Wednesday, January 28, 2009

To Clip Or Not To Clip, That Is The Question

Tip #59 - Is It Worth It To Clip Coupons? Coupon clipping seems to be all the rage lately. Frugal blog after frugal blog showcase coupon deals that can be had out there. Items are laid out in pictures to show what deals the blogger has captured. "Ten boxes of granola bars for $1.60!" "Three bottles of apple juice for 90 cents!" "Six containers of yogurt for free!" There are faithful followers to these blogs who don't want to miss out on a deal.

The question I have pondered over and over while reading these blogs is whether all of this coupon clipping is worth it. My conclusion? A resounding "somewhat." I think it is great that moms are watching how much they are spending at the supermarket. I also think it is worthwhile to cut coupons to get a better deal on something you would have bought anyway. And I am glad that there is a huge interest in saving money. However (you knew this was coming, didn't you?), I think many overzealous followers of coupon deals are short-sighted when it comes to how much couponing will help them become financially secure. Yes, clipping coupons may cut down on the food and toiletries budget. It may "save" them $200 per month. But unless this coupon clipping phenomenon is combined with time-tested ways to save money, there will still be a lot of people out there who are still in debt, who haven't saved for retirement, who haven't saved for a rainy day. And the only thing they have to show for their coupon clipping hobby is 25 boxes of AquaFresh toothpaste.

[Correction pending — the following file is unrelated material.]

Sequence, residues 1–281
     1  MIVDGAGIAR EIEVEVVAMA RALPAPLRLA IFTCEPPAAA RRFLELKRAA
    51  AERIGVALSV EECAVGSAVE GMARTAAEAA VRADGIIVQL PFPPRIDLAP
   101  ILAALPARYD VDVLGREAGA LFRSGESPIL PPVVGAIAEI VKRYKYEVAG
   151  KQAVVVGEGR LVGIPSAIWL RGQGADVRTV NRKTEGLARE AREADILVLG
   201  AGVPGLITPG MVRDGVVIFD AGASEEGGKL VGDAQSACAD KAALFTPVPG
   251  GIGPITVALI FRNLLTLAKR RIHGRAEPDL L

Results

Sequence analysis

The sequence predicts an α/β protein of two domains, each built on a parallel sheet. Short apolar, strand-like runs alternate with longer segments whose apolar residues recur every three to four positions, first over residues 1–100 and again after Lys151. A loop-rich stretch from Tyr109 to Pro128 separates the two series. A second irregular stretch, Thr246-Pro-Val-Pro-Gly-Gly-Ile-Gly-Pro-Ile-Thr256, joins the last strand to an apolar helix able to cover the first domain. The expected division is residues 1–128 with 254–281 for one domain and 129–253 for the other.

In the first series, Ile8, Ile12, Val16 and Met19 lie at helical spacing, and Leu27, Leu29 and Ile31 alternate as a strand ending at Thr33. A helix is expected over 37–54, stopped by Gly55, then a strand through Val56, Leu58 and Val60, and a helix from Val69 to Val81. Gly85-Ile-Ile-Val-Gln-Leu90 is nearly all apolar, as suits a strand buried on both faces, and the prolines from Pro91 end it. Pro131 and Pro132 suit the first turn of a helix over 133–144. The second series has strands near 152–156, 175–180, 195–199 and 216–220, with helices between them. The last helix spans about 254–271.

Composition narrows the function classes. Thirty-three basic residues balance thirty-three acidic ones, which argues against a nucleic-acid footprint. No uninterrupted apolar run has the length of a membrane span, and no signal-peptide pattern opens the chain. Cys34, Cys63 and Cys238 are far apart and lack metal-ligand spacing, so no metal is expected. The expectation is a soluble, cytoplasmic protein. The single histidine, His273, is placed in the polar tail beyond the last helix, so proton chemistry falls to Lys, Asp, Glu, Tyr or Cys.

If clipping coupons is truly saving you money at the grocery store, then by all means continue to do it. Saving $200, $100, or even $50 per month on groceries can be a great start to a financially secure future. But that's all it is - a start. You will need to take that savings and faithfully put it away month after month into a savings account. Or if you are in debt, you had better be using your savings from coupons to pay down your debt. And hand in hand with your coupon savings, you should be doing all of the other steps people do to acquire wealth - live within your budget, save for a rainy day, put away money for retirement, and save for other needs you may have in the future - a car, an education, etc.
Also, keep in mind all of the time you are spending researching the deals, looking up coupons, cutting them, etc. It's possible that the time you spend clipping could be put to better use. It's up to you to make the call. Overall, while it may be fun and beneficial to find the good deals, make sure you also have a realistic view of your complete finances. Coupons are only one tool of many that can help you save money. However, it is not the only tool. They alone will not make you financially secure.

IRL - I clip coupons. I have never been very faithful about it. I tend to go through phases of coupon clipping. Lately, I have been on an "up" phase with my coupons - probably from all of those blogs I read about clipping them. I never seem to score the way others do. I generally just use coupons for products that I would have bought anyway or as a substitute for a product I usually buy. I might try a different cereal if it is a really good deal. If my kids or I don't like it, I know my husband will eat it. I don't, however, buy things just to get them for free. I think that is a huge waste of resources. We don't drink diet soda in this house. I would never buy diet soda even if the coupon was for a free one - unless of course we were having company soon who would drink the stuff. For my grocery budget, I tend to buy more in bulk and compare unit costs to keep my grocery expenses down. I try to do cooking and baking from scratch so many coupons don't even work for me. But when they do, I use them.